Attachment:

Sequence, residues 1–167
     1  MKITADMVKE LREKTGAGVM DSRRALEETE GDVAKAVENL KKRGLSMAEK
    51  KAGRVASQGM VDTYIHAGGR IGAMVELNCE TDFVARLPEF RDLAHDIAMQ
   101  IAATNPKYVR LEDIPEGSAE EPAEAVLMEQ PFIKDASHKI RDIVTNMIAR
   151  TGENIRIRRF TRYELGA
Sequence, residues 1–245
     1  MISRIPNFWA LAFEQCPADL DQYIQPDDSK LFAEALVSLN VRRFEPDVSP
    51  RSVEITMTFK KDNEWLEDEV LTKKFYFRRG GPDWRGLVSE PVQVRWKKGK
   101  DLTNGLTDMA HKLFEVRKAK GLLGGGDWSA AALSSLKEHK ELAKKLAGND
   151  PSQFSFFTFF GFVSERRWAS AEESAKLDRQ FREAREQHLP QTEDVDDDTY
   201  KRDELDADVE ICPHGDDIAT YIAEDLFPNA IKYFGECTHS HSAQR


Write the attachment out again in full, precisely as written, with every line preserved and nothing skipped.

Sequence, residues 1–167
     1  MKITADMVKE LREKTGAGVM DSRRALEETE GDVAKAVENL KKRGLSMAEK
    51  KAGRVASQGM VDTYIHAGGR IGAMVELNCE TDFVARLPEF RDLAHDIAMQ
   101  IAATNPKYVR LEDIPEGSAE EPAEAVLMEQ PFIKDASHKI RDIVTNMIAR
   151  TGENIRIRRF TRYELGA
Sequence, residues 1–245
     1  MISRIPNFWA LAFEQCPADL DQYIQPDDSK LFAEALVSLN VRRFEPDVSP
    51  RSVEITMTFK KDNEWLEDEV LTKKFYFRRG GPDWRGLVSE PVQVRWKKGK
   101  DLTNGLTDMA HKLFEVRKAK GLLGGGDWSA AALSSLKEHK ELAKKLAGND
   151  PSQFSFFTFF GFVSERRWAS AEESAKLDRQ FREAREQHLP QTEDVDDDTY
   201  KRDELDADVE ICPHGDDIAT YIAEDLFPNA IKYFGECTHS HSAQR